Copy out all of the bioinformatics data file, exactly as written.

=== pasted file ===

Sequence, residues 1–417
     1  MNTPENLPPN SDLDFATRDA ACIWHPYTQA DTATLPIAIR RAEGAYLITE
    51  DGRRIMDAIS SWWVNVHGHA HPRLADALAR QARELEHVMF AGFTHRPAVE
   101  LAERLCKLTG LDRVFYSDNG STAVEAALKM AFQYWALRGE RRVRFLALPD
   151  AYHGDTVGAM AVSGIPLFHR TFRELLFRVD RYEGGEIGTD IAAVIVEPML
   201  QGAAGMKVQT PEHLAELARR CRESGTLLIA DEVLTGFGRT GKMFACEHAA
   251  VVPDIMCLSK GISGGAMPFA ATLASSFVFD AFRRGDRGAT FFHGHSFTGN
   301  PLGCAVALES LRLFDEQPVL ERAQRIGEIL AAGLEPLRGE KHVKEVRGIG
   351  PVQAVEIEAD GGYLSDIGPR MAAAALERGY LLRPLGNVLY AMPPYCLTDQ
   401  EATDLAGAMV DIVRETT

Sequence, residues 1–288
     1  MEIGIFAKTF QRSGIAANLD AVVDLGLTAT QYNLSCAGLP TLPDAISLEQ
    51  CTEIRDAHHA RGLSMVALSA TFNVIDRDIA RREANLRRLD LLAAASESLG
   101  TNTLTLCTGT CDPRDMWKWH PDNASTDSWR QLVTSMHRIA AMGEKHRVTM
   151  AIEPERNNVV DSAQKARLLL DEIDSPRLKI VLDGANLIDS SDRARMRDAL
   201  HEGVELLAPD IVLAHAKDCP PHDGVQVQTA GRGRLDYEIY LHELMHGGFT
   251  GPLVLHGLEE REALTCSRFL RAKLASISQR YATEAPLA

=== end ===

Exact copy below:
Sequence, residues 1–417
     1  MNTPENLPPN SDLDFATRDA ACIWHPYTQA DTATLPIAIR RAEGAYLITE
    51  DGRRIMDAIS SWWVNVHGHA HPRLADALAR QARELEHVMF AGFTHRPAVE
   101  LAERLCKLTG LDRVFYSDNG STAVEAALKM AFQYWALRGE RRVRFLALPD
   151  AYHGDTVGAM AVSGIPLFHR TFRELLFRVD RYEGGEIGTD IAAVIVEPML
   201  QGAAGMKVQT PEHLAELARR CRESGTLLIA DEVLTGFGRT GKMFACEHAA
   251  VVPDIMCLSK GISGGAMPFA ATLASSFVFD AFRRGDRGAT FFHGHSFTGN
   301  PLGCAVALES LRLFDEQPVL ERAQRIGEIL AAGLEPLRGE KHVKEVRGIG
   351  PVQAVEIEAD GGYLSDIGPR MAAAALERGY LLRPLGNVLY AMPPYCLTDQ
   401  EATDLAGAMV DIVRETT

Sequence, residues 1–288
     1  MEIGIFAKTF QRSGIAANLD AVVDLGLTAT QYNLSCAGLP TLPDAISLEQ
    51  CTEIRDAHHA RGLSMVALSA TFNVIDRDIA RREANLRRLD LLAAASESLG
   101  TNTLTLCTGT CDPRDMWKWH PDNASTDSWR QLVTSMHRIA AMGEKHRVTM
   151  AIEPERNNVV DSAQKARLLL DEIDSPRLKI VLDGANLIDS SDRARMRDAL
   201  HEGVELLAPD IVLAHAKDCP PHDGVQVQTA GRGRLDYEIY LHELMHGGFT
   251  GPLVLHGLEE REALTCSRFL RAKLASISQR YATEAPLA